I meant to mention Nahor from the last chapter, but I forgot. Chapter 22 just kind of jumps to Abraham’s brother, Nahor, and wraps up with that. I thought it was strange, but it’s there for some reason, so let’s keep our radars on for any mentions of Nahor in the future. This paragraph also reminds me of the random little paragraphs I find in my own short stories sometimes. They usually are the ones that get edited out, but they also are the ones my daughter seems to love and remember the most. She has been transcribing some handwritten stories for me, and it’s been fun hearing her feedback. She reminds me of things I forgot I even wrote about. I’m consistently asking the same question: “Did I write that?” Apparently, though, those are the stories that stick, and I thought of them for a reason, so I like that even the writers of the Bible did it often, too.
Onto Abraham and Sarah, who has just died in a land where she is a stranger. Yet, Abraham once again has favor. How does he keep pulling this off? Wink, wink. I noticed that twice in this chapter he bows before the people. It sounds as though the guys are in somewhat of a city council meeting, and that Abraham has gotten to know the community well enough that he 1) knows people by name, 2) knows where they live and exactly which land they own (down at the end of his field. Ha! I love it. Reminds me of home.) and 3) has gained their trust and honor enough that the city elders were going to gift him one of their own tombs! This would have been a “city-owned” tomb, I’m guessing, since this appears to be some sort of government setup. As I learned from my dad who was the local cemetery sexton, burial plots are treasured pieces of land!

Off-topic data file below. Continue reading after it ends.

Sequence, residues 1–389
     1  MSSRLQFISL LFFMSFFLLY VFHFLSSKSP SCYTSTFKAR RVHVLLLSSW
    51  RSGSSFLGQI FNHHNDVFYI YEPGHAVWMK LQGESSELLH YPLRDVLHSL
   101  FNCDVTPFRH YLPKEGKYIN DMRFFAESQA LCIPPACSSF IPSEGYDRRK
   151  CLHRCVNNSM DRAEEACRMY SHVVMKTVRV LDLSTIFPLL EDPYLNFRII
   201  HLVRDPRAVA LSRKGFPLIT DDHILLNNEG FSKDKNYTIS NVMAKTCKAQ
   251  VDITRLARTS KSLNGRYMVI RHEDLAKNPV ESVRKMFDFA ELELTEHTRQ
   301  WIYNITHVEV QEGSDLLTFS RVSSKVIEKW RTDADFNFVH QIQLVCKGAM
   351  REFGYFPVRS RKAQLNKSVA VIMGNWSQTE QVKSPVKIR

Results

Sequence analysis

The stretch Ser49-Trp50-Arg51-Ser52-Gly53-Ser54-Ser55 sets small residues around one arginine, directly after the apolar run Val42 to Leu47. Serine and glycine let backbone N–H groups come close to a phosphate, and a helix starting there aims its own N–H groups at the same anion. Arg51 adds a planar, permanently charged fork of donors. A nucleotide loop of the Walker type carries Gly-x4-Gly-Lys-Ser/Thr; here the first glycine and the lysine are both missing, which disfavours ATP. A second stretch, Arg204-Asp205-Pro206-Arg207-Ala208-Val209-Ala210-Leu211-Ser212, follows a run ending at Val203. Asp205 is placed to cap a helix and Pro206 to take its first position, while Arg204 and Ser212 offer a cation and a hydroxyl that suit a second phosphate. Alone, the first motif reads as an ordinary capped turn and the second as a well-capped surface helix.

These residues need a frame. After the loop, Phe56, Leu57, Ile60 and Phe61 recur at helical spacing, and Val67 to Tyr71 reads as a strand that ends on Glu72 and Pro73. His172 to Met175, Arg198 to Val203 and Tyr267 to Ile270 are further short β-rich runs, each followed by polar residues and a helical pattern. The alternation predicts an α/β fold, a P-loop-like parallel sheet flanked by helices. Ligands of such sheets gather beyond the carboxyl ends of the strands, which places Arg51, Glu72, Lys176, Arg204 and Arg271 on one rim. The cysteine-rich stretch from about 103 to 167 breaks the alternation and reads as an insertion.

I know the lesson here normally is centered on Ephron’s subtle hint of how much the land is worth, and I hope you don’t skim over that part, but this community Abraham wound up in, plus a story I just read on Facebook, has really got me to thinking about my little hometown. Despite Ephron’s questionable answer, Hebron obviously was a tight-knit community, and they worked things out civilly. They seem to have a pretty level-headed group of elders leading them. Abraham got right in there and by showing respect, received respect. This is what I always saw from the leaders in my hometown, particularly at city council meetings. Neighbors often showed up to complain about the other, but I’d often see them shaking hands by the end. That’s just how it works in a small town. I just read a sweet story on Facebook about a guy who moved to our town and not only received a cool nickname but also a warm welcome. He had been bullied in the town he’d lived in before, and my hometown peeps turned his perspective about himself and other people around. I’ve heard a lot of people say that about Cherokee, Oklahoma. I took that for granted A LOT, but I’m realizing now that Cherokee was a pretty awesome place to grow up.
Writing prompt: community
Even if you didn’t grow up in a town of 1,500 people, you still have a community. Even in Bangkok, I notice that we have developed a community, and the city seems a lot smaller now. Write about your community, in whatever way community means to you.